Many parents feel anxiety at the prospect of adding a pile of Christmas gifts into a home that's already crowded with too many toys. Whether it's a storage issue or it's time to toss toys that no longer get played with, here are seven decluttering strategies to try during the month of December.
1. Use Bins Wisely
While plastic storage bins are a great solution for playroom chaos, it can often be difficult for kids to find the toys they want to play with if small items fall to the bottom of large bins. Instead, Parents magazine suggests using shallow bins for small toys like Legos, larger containers for big trucks, and medium-size catch-alls for toys in between.
2. Purge Regularly
Rather than taking up time and space to store toys that no longer get played with, remove the "low-hanging fruit" from your home on a regular schedule. That means that toys that are broken, missing pieces, or have little life left in them should get discarded. Items that no longer get played with but are relatively new can get donated to a non-profit organization--some will even pick up unwanted toys at your home.
3. Find a Home for Everything
Clean-up time can be frustrating for kids and parents alike if items don't have designated "homes." Every item in your house should belong in a specific space, and get put back there every time it's used. If there isn't room for something, consider putting it in local self storage for the time being and "rotating" toys each month or season. Not only will this divide the number of toys kicking around, it will help your kids appreciate the ones they have a lot more.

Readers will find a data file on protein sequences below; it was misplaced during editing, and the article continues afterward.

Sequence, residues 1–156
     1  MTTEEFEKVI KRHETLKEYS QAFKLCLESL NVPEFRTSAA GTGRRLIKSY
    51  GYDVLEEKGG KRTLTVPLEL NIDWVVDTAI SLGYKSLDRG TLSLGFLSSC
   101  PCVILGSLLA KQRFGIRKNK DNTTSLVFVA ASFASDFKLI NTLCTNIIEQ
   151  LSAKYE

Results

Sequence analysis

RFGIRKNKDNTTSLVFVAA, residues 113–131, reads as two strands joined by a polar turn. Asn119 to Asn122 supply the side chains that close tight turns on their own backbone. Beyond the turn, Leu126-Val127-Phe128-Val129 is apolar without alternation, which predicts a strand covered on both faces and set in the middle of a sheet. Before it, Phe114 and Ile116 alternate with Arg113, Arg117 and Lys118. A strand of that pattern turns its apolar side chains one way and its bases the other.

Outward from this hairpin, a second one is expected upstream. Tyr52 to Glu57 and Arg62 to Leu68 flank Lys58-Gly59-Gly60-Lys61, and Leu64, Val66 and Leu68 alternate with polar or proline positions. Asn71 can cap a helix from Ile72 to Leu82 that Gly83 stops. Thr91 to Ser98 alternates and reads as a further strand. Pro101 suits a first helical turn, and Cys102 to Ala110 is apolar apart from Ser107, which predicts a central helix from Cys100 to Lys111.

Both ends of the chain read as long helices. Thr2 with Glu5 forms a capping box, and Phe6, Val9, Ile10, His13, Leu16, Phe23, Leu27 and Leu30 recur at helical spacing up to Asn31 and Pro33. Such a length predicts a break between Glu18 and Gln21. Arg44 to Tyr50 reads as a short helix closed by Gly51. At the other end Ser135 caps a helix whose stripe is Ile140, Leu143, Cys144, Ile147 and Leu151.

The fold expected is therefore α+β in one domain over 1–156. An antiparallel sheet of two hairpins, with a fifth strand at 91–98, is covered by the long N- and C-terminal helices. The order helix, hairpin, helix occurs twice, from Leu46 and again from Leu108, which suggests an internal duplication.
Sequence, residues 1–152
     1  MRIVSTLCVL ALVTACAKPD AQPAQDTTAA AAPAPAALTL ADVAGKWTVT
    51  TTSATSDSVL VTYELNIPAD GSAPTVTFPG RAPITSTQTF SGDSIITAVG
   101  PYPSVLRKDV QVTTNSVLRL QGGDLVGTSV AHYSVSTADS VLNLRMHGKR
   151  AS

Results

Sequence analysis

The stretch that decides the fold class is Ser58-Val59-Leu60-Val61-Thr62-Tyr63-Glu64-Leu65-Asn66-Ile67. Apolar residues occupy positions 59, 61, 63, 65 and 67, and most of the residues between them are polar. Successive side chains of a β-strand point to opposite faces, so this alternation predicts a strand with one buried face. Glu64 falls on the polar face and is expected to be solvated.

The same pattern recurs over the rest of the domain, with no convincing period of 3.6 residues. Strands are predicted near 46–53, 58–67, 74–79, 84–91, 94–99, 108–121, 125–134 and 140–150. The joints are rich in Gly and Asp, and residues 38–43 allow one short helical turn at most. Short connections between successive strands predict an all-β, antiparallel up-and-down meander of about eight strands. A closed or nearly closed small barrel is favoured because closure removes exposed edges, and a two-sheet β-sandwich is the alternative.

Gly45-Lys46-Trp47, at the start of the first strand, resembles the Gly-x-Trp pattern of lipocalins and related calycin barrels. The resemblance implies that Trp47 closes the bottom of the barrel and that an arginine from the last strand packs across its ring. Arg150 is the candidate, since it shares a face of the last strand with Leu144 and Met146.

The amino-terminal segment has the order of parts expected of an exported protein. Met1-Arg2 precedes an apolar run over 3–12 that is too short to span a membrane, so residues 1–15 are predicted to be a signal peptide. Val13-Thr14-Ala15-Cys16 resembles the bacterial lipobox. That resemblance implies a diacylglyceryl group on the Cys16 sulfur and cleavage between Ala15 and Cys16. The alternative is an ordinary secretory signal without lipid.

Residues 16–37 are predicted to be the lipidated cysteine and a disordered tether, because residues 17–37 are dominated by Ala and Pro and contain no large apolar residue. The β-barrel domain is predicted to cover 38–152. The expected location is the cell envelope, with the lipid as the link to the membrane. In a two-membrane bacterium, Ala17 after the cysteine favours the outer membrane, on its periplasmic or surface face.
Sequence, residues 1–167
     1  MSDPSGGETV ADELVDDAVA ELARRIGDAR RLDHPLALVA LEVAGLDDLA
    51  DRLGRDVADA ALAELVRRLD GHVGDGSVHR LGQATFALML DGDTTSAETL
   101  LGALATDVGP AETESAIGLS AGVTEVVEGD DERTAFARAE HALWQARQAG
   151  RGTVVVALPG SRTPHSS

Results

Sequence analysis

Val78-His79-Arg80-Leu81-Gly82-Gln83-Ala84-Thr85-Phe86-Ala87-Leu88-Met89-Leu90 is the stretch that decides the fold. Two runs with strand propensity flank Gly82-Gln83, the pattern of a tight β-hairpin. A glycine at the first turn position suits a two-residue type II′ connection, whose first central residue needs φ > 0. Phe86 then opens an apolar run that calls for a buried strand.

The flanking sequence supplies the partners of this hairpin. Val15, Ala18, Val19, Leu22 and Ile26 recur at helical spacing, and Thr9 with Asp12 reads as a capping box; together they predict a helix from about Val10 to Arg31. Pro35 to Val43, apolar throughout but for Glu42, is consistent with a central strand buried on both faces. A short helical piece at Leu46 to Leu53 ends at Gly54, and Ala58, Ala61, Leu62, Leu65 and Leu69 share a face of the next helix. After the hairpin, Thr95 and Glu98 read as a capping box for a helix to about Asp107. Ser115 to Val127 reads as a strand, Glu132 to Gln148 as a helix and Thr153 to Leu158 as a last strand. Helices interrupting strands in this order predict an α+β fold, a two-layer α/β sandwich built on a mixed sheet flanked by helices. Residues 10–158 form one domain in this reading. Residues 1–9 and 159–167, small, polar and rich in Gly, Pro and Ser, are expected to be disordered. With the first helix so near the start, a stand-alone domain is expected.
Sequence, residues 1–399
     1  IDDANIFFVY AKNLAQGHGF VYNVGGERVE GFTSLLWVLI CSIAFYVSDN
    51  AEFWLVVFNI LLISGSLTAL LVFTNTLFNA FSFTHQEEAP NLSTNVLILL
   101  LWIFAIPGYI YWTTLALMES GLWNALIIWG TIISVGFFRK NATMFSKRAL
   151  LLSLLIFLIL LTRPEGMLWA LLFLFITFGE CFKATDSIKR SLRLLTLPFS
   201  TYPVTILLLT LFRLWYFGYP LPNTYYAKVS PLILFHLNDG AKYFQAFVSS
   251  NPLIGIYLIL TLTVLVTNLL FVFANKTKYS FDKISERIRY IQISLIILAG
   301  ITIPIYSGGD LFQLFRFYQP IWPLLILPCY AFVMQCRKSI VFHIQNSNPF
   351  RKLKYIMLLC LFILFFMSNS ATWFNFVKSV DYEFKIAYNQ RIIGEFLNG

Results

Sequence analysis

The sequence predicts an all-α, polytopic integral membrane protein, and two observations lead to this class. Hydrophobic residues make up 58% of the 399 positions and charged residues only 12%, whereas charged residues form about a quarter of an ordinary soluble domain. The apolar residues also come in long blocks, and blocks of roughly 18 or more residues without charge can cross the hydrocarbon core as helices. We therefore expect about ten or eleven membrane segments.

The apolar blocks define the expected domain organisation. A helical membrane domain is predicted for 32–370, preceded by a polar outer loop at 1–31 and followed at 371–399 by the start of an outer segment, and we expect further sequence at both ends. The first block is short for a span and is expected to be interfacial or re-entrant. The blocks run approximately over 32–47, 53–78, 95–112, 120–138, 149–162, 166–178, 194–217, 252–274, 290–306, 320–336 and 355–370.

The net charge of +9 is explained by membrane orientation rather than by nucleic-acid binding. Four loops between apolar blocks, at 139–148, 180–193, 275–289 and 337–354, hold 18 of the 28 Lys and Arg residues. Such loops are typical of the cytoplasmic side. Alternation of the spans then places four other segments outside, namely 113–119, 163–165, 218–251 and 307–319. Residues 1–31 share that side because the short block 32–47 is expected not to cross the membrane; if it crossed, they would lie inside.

4. Create Special Activity Spaces
If your kids seem to have endless toys with tiny pieces, try creating a designated space for play with items like Legos and art supplies. That way, each child has a place to keep projects in progress without the pieces getting disturbed or contributing to the clutter. What's more, this type of arrangement can help teach them to value their belongings.
5. Focus on Other Activities
When kids spend a lot of time on screens, they are exposed to endless commercials about the latest buzzworthy toy of the month. Teach them value experiences above belongings by swapping out the birthday party with a dozen gifts for a day spent at the local dude ranch, for example. If you have gracious relatives who ask for gift suggestions for your kiddos, consider "subscription" or experience gifts, such as spending a special day together. Your toy load will decrease, and your kids will have precious memories of spending one-on-one time with grandparents and loved ones.
6. Develop a System
Some moms swear by this simple method, in which you first decide on a narrow category to declutter ("cars" or "puzzles," for example. Bring all items in that category together, ideally on a large patch of floor, and one by one, select items to discard, pass along, or keep. Commit yourself to decluttering one category a week and soon your home will be streamlined, allowing your kids to enjoy their existing toys more.
7. Limit Space
It's OK to place limits on the number of toys that come into your home in the first place. Designate specific areas for toys--a toybox and a set of shelves for each child, for example--and weed out any items beyond those that can be safely stored. If you have the space in a garage or basement, you can temporarily store the extra toys and see how long it takes your child to ask for those that are missing.
Because building up clutter can take years, it's not realistic to expect to clear it all in a single day. Instead, make these habits a part of your regular routine. Then you’ll be sure to have a manageable amount of toys your kids value all year round!